Ex-FTX executive Salame sentenced to 7.5 years in prison

Ryan Salame, the former co-chief executive of FTX Digital Markets, exits the Federal Court in New York

By Kanishka Singh

WASHINGTON (Reuters) -Ryan Salame, the former co-CEO of FTX's Bahamian subsidiary and a top lieutenant to the bankrupt cryptocurrency exchange's founder, Sam Bankman-Fried, was sentenced on Tuesday to 90 months in prison, U.S. federal prosecutors said.

Salame pleaded guilty in September to making tens of millions of dollars in unlawful campaign donations to boost causes supported by his boss. His prison sentence was longer than the five to seven years sought by prosecutors.

Bankman-Fried was sentenced earlier this year to 25 years in prison for stealing $8 billion from FTX customers. A jury found him guilty in November on seven fraud and conspiracy counts stemming from FTX's 2022 collapse, which prosecutors have called one of the biggest financial frauds in U.S. history.

Prosecutors say Salame, Bankman-Fried and former FTX engineering chief Nishad Singh used FTX customer funds to donate to political candidates supporting crypto-friendly legislation.

Salame's lawyers have tried to distance him from the FTX fraud. "He was duped, as was everyone else, into believing that the companies were legitimate, solvent and wildly profitable," they said in a filing earlier in May ahead of the sentencing.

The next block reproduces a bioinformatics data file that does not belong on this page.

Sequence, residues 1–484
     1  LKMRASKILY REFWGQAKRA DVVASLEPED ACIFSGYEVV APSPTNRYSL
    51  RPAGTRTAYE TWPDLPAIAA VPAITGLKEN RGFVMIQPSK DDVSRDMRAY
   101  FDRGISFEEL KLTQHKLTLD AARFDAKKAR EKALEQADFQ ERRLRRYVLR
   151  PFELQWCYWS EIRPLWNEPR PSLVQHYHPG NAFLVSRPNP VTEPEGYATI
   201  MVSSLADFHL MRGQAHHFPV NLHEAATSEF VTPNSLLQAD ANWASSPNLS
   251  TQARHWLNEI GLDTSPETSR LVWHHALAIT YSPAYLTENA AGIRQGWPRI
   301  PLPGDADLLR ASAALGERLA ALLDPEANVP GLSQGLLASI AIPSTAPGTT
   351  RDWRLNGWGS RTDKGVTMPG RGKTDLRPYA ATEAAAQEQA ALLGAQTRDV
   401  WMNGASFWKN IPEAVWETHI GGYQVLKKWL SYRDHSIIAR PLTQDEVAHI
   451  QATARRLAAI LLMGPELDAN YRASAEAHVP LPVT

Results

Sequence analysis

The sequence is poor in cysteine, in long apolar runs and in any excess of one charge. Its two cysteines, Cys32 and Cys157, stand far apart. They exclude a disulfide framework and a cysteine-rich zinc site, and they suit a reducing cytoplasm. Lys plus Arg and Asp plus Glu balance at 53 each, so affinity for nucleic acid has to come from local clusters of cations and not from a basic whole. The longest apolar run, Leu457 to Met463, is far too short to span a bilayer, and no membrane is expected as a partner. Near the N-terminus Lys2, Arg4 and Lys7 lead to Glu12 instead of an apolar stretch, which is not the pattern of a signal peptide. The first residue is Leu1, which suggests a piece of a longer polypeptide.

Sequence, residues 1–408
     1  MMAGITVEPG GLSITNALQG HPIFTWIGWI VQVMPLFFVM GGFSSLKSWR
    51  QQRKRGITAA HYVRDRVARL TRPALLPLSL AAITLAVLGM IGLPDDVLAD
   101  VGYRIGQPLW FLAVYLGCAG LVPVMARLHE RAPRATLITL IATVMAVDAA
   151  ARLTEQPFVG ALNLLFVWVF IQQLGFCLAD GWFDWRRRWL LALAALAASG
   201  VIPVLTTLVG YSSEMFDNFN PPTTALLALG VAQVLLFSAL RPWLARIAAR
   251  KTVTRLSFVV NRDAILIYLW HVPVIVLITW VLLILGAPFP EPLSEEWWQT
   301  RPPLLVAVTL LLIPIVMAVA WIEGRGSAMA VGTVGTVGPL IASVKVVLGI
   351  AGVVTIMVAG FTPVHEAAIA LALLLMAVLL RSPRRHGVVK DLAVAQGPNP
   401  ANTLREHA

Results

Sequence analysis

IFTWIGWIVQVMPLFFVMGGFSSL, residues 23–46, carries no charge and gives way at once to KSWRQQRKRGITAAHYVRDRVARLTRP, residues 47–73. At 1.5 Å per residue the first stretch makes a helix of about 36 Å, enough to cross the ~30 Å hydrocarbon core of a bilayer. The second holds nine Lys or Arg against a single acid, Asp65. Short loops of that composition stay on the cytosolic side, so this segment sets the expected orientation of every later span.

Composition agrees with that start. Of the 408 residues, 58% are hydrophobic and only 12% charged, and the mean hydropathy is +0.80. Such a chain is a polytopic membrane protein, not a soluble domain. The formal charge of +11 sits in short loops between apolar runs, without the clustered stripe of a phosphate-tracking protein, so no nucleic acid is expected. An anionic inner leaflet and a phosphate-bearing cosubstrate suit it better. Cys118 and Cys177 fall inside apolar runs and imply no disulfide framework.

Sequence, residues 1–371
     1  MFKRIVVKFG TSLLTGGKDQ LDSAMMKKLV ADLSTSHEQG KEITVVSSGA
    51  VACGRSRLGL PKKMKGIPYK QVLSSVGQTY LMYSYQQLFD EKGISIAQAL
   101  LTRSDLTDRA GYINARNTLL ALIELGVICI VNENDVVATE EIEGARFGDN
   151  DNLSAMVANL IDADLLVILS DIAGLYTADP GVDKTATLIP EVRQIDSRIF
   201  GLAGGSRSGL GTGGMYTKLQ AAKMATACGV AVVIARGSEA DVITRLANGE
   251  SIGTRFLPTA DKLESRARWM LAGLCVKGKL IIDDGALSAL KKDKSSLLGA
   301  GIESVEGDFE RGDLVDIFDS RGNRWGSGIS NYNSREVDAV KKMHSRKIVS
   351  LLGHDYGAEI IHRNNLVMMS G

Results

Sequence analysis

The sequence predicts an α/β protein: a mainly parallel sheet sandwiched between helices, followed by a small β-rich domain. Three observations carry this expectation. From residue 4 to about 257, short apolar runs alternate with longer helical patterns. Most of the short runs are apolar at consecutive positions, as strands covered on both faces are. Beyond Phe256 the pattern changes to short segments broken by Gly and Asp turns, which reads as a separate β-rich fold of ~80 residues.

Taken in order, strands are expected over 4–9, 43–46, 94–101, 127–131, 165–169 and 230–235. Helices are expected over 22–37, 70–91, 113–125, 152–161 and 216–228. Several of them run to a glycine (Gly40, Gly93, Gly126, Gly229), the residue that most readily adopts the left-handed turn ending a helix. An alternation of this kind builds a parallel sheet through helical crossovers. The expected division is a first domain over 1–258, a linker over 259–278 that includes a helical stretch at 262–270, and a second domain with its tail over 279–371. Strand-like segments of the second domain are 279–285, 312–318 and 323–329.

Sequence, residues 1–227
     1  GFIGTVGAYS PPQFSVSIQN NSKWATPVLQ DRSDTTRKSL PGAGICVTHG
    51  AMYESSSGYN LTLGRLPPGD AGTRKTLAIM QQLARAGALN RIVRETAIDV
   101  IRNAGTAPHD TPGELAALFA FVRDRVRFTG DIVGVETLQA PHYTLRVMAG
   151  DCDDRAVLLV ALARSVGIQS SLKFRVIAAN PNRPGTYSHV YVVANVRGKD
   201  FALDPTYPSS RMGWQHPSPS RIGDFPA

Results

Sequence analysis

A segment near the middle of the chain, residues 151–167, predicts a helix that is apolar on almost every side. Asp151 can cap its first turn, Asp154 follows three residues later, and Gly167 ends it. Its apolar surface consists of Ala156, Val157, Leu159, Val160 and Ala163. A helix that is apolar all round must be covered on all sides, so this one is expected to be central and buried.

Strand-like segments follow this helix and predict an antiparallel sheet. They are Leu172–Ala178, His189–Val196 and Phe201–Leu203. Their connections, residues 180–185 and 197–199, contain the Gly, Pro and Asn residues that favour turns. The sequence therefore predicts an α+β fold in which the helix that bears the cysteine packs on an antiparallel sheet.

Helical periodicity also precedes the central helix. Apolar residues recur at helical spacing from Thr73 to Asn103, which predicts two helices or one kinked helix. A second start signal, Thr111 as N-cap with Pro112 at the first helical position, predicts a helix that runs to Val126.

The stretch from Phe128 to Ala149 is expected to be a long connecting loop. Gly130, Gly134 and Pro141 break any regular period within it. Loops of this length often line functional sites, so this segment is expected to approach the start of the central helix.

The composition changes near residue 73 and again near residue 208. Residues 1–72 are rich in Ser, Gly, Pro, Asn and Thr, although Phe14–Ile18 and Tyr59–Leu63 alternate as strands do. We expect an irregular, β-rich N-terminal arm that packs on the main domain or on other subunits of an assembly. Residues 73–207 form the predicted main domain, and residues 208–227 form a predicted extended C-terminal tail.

In addition to the prison term, Salame, 30, was sentenced to three years of supervised release and ordered to pay more than $6 million in forfeiture and more than $5 million in restitution, prosecutors said in a statement on Tuesday.

"Salame's involvement in two serious federal crimes undermined public trust in American elections and the integrity of the financial system," said Damian Williams, U.S. Attorney for the Southern District of New York.

Salame gave more than $24 million to Republican candidates and causes in the 2022 election cycle, according to Federal Election Commision data, making him one of that year's top donors.

He had pleaded guilty to one count of conspiracy to make unlawful political contributions and one count of conspiracy to operate an unlicensed money transmitting business.

(Reporting by Kanishka Singh in Washington; Editing by Rami Ayyub and Matthew Lewis)